After you have filled your stomach, you can either walk up to Clavell Tower (about 20 minutes) or drive at the bottom of it. Whatever you decide, make sure to stop on the way to take pictures of the cutest cottages right outside the restaurant.
Best house of KimmeridgeIf you decide to drive it’s 5£ for the toll road and parking there. We decided to drive as it was raining, but I guess it is a pleasant walk to the tower on a sunny day.
Clavell Tower Clavell Tower is a four storey circular tower that stands on the cliff overlooking Kimmeridge Bay  Built in 1830 its location has attracted many writers including Hardy and PD James and it was recently turned into a holiday accommodation with one bedroom on each of the four floor.
Clovell Tower
Jump back on your car and drive to Swanage. Park on top of the hill for long car park stay and take in the view over the bay. Walk towards the beach and pay 0.65£ to stroll to the new pier and take some pictures of the fishermen in action. The wooden floor of the pier is filled with plaques with names and words dedicated to beloved ones who’ve passed away. Sit on one of the benches and let your cheeks be caressed by the wind for a while and maybe give some thoughts to your own beloved ones who are no longer here.
The Pier
Walk along the beach up to the other end of the cove and admire the colourful beach huts and stop somewhere for people watching and for taking in the scene and the sky.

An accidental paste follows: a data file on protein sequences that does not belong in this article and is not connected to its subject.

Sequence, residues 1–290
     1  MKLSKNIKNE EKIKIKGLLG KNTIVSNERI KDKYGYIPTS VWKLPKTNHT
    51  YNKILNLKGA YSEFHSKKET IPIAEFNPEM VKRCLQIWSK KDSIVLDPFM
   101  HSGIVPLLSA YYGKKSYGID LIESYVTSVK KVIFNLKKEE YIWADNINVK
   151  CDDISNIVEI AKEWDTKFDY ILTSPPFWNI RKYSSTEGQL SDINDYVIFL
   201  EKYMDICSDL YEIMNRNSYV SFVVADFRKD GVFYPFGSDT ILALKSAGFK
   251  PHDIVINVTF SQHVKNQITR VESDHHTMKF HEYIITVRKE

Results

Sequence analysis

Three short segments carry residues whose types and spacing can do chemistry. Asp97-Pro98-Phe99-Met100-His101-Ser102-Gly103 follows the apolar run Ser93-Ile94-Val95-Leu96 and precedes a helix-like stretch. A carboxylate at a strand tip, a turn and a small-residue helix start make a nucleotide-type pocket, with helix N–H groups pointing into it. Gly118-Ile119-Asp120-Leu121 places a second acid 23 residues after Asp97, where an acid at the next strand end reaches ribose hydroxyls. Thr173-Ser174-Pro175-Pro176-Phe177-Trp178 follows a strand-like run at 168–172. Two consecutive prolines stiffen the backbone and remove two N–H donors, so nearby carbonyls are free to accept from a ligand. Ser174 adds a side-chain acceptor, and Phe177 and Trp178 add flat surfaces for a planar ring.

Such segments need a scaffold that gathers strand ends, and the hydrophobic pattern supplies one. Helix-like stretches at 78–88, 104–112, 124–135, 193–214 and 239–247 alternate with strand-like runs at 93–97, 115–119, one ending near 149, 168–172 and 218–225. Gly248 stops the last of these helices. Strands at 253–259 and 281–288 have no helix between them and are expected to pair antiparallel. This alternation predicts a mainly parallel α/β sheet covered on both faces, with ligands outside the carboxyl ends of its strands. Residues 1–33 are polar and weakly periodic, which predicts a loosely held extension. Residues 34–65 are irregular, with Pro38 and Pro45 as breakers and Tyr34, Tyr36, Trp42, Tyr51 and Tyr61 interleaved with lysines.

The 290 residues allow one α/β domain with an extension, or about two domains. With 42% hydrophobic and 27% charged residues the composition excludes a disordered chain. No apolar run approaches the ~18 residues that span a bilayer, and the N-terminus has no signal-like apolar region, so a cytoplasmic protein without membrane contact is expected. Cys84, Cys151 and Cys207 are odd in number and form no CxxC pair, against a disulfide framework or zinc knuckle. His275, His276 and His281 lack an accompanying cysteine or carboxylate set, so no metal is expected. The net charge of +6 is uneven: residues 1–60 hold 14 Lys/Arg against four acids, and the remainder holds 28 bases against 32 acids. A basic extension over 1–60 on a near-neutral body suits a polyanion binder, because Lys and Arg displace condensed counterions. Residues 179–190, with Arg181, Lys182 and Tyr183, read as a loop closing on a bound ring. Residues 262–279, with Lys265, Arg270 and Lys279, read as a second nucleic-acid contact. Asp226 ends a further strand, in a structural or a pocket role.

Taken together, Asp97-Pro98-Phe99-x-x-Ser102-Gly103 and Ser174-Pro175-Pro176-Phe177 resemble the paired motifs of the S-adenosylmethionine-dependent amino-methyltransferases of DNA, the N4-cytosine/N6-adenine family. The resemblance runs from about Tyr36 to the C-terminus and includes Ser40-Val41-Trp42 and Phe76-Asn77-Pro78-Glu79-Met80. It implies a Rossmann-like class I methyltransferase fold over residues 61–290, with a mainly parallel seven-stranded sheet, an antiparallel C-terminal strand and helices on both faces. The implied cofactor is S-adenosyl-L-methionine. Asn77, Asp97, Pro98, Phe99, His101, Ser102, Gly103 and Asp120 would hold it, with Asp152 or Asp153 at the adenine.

The PierSwanage
But a trip to Dorset wouldn’t be complete without an afternoon tea, so head to Swanage city centre and sit at a table at Love Cake Etc. Beware that portions are very, very generous so keep that in mind before ordering.  Staff is incredibly nice and genuine too.
Love Cake Etc Menu
Love Cake Etc
Love Cake Etc
Have a safe journey back!!
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During this weekend we stayed at an amazing converted church in East Stoke, kindly sponsored by AirBnb. You can see a few pictures of this property below and book here. *All views on the the accommodation or the places mentioned above are my own. 
AirBnb AirBnb AirBnb AirBnb AirBnb
Notes to the reader:
*Car Parks: many of the locations and sights mentioned above offer free car parking to National Trust members, if you are one remember to bring your sticker, if you are not, but are thinking to explore more in the next few months, if might be worth getting a membership ahead.
**This guide is tailored for a long weekend away – obviously, if you are travelling during the week, it can also work, but please double check opening times of the places listed above.
*** In order to really enjoy and explore the Jurassic Coast, a car is necessary; this was the way I managed to see so much in such a limited amount of time. If you do not own a car, I recommend you to rent one through one of the most popular rental cars or ask a car-owner friend to come with you! 🙂
*** *If you have some extra time or even an extra day, add the Blue Pool to your itinerary. We couldn’t see it, but the pictures of it are very promising!Did I forget anything? Would you add something to this guide? Let me know below!
Copyright © 2015 Sabrina Andrea Sachs. All rights reserved.
Unless otherwise indicated, all materials on these pages are copyrighted by Sabrina Andrea Sachs. No part of these pages, either text or image may be used for any purpose. Therefore, reproduction, modification, storage in a retrieval system or retransmission, in any form or by any means, electronic, mechanical or otherwise, for reasons other than personal use, is strictly prohibited without prior written permission. If you are interested in buying any copy or prints, please email me to thestorytellerphotos@gmail.com